Is Than Shwe Still Pulling the Strings?

Saturday, December 10, 2011



Until recently, there had been no public statements by top Burmese government leaders or the country’s state-run press about the official status of previous junta chief Snr-Gen Than Shwe, and there continued to be speculation about whether the former dictator was still making key decisions behind the scenes.

But from the moment that US President Barack Obama began his recent Asia-Pacific trip until the day US Secretary of State Hillary Clinton arrived in Naypyidaw to meet with President Thein Sein, senior Burmese officials and the state’s media mouthpieces seemed determined to drive home the point that Than Shwe had formally retired and was no longer involved in government business.

In an interview published on Nov. 16, Burma’s Information Minister Kyaw Hsan told the Wall Street Journal that Than Shwe is “in his house, doing a lot of reading, and enjoying a peaceful time.”

Aung Zaw is founder and editor of the Irrawaddy magazine. He can be reached at
The speaker of the Lower House of Parliament, Shwe Mann, was even more explicit. He told reporters that “The senior general is really retired,” and went on to state that “The senior general is absolutely not concerned with the party, nor the government, nor our parliament, nor legislative organizations.”

Then on Dec. 1, the New Light of Myanmar and The Mirror, both state-controlled newspapers, reported that “Snr-Gen Than Shwe (retired) and Daw Kyaing Kyaing's family donated US $1,300, 11 rubies, a pearl and a golden ring with 61 diamonds, which is valued at kyat 488,000, toward the Sacred Buddha Tooth Relic from China, which is now being exhibited in Rangoon.”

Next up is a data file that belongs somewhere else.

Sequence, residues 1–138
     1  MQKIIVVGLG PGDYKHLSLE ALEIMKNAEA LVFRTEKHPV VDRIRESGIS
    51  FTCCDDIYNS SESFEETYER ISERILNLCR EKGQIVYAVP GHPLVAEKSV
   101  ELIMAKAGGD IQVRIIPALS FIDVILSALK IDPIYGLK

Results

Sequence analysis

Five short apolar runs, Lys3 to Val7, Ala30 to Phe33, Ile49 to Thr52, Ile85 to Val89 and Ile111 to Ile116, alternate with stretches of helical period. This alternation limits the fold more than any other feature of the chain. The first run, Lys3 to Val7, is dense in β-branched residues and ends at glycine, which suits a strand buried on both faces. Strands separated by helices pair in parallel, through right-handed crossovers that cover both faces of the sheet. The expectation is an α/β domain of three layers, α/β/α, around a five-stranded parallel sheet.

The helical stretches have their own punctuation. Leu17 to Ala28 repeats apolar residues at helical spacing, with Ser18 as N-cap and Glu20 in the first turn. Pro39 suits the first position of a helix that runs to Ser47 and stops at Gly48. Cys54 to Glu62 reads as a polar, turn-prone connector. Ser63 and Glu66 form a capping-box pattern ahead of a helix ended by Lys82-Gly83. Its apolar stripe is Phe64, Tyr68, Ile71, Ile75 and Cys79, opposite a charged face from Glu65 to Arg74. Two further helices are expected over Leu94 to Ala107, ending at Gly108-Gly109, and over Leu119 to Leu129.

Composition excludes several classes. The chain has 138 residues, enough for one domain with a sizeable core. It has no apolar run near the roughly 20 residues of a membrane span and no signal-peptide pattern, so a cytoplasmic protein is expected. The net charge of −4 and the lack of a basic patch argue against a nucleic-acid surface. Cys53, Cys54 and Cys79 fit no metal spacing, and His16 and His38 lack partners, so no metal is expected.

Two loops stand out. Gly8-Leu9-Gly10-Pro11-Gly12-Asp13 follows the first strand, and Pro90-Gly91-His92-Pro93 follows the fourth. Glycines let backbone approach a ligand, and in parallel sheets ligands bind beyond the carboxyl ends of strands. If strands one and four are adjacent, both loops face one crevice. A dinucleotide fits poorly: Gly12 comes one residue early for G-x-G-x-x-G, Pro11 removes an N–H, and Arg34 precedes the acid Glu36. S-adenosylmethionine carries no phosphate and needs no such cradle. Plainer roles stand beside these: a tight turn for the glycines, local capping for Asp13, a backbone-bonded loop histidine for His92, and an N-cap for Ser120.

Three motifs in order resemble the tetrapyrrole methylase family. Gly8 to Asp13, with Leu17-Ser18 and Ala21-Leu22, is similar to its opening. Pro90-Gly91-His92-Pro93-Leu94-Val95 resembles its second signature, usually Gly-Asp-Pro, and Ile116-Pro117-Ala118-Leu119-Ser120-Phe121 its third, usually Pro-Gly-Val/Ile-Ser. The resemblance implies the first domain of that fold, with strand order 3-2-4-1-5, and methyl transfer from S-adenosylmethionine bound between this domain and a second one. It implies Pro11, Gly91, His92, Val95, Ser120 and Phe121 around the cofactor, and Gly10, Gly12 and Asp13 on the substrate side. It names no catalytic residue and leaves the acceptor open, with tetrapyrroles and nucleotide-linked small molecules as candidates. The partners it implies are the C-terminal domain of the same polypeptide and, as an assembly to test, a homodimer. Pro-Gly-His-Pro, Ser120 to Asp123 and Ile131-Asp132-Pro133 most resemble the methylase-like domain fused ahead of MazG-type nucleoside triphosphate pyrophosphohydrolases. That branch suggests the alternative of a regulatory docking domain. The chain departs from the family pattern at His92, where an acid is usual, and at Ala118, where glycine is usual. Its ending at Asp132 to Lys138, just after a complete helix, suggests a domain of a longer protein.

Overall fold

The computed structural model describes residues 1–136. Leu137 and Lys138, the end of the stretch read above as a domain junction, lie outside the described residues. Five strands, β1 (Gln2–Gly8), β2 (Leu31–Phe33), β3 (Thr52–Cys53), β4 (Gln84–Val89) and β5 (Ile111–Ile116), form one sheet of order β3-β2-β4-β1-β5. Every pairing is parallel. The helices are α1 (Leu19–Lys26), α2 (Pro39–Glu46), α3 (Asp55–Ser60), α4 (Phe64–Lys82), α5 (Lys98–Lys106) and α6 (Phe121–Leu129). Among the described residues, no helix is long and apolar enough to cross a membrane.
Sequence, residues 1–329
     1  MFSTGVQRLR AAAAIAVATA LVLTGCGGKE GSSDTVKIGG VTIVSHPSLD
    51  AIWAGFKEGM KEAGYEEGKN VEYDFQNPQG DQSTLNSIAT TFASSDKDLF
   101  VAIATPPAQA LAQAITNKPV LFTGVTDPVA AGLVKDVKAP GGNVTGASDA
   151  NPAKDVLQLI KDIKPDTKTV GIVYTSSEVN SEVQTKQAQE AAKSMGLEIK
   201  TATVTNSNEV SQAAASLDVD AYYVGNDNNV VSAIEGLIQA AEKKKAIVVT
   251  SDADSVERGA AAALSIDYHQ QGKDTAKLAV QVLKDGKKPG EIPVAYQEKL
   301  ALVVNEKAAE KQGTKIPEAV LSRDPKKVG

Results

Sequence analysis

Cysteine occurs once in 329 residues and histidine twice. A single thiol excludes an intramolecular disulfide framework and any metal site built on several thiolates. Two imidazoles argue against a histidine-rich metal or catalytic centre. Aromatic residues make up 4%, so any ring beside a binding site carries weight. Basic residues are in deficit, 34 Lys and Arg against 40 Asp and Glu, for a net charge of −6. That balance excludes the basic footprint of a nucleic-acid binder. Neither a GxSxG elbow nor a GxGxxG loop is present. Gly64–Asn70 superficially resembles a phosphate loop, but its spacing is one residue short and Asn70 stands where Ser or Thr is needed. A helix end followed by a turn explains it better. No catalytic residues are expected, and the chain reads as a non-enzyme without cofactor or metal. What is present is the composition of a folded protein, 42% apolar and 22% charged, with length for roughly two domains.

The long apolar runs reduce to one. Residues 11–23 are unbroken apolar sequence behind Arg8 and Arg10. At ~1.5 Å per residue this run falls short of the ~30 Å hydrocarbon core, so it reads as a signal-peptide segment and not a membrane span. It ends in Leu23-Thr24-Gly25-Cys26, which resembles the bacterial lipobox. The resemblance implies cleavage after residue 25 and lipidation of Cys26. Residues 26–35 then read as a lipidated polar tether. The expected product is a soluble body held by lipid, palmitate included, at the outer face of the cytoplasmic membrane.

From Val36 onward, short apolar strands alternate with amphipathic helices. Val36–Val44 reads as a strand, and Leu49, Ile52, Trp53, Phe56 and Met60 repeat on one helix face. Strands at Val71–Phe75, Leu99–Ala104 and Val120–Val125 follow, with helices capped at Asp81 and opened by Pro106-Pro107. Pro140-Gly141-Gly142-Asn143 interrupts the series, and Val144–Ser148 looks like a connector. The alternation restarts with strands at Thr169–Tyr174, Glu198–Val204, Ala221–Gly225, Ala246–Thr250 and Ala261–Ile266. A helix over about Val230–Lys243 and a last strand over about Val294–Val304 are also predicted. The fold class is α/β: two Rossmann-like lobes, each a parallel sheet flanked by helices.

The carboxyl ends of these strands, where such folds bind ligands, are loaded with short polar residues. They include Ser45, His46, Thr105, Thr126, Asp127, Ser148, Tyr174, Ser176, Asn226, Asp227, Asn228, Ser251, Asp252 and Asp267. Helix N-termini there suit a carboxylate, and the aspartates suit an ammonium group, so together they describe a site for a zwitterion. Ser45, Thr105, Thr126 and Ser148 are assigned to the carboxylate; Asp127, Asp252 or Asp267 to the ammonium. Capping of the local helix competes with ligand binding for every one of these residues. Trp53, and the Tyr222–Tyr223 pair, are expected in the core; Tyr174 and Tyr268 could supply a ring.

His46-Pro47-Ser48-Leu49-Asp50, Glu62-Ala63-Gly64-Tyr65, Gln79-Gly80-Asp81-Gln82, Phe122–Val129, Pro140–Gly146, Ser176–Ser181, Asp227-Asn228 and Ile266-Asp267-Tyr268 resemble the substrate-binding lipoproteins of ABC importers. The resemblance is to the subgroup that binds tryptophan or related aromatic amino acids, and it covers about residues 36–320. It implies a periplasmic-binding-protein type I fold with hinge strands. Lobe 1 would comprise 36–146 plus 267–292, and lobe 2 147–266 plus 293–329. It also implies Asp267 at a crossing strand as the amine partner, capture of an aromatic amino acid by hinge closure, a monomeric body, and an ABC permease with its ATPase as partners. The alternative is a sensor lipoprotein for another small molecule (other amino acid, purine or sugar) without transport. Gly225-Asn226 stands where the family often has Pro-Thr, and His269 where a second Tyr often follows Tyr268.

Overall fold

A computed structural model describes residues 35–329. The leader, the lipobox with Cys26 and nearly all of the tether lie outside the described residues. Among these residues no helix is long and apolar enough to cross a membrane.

Despite the fact that Than Shwe had appointed a new commander-in-chief of the armed forces, Gen Min Aung Hlaing, just before a new president, Thein Sein, was sworn in at the end of March, this was the first time that the state media had referred to Than Shwe as “retired,” and a state newspaper would never take this major step without instructions from top government officials or Than Shwe himself.

In addition, since the time that the new quasi-civilian government was formally put in place, Than Shwe has not officially appeared in public or been directly linked to any decision or action by the government or the military. So by all outward appearances, it seems that the brutal sheriff who had an iron grip on power in Burma for almost twenty years has simply handed in his badge and rode off into the sunset.

This could be true, but it ain’t necessarily so, and prematurely assuming that Than Shwe has completely given up power both belies Burmese history and is naively dangerous.

A retired senior general once cautioned that Burma’s past military dictators never leave in peace, suggesting that they always come back to interfere in politics, and for evidence one needs to look no further than Than Shwe’s predecessor, Gen Ne Win.

Known by his subordinates as “The Old Man” or “Number one,” Ne Win ruled as Burma’s dictator for 26 years before officially announcing his resignation in July 1988 during the mass pro-democracy uprising.

Despite the fact that Ne Win had officially relinquished power in a public speech, in September of that year he personally orchestrated a military coup, appointed his own officers to the newly established State Law and Order Restoration Council (SLORC) and ordered the new junta to crush the uprising.

At the time, Ne Win did all of this behind the scenes, at least for the most part. But then in March 1989, the Burmese people were stunned and disgusted to open up the state-run newspapers and see photos of the supposedly ex-dictator at a dinner reception hosted by Snr-Gen Saw Maung, then the SLORC No. 1. Although the blood in the streets had barely dried and the secret police were still hunting down student activists, the official photo showed a laughing Ne Win sitting at the table with his cadre of sheepishly smiling coup-makers.

When an Asiaweek reporter asked Saw Maung that year whether Ne Win was still in power behind the scenes, the general replied that, “It’s most difficult for us to explain these rumors and allegations.... When people see me visit Ne Win, they think I am going for instruction or advice.

But he’s like a parent to me.”

In 1990, after student activists from Rangoon high schools ripped down Ne Win’s image from their headmasters' offices, Ne Win put a personal announcement in state-run newspapers instructing that his picture should be removed from government buildings.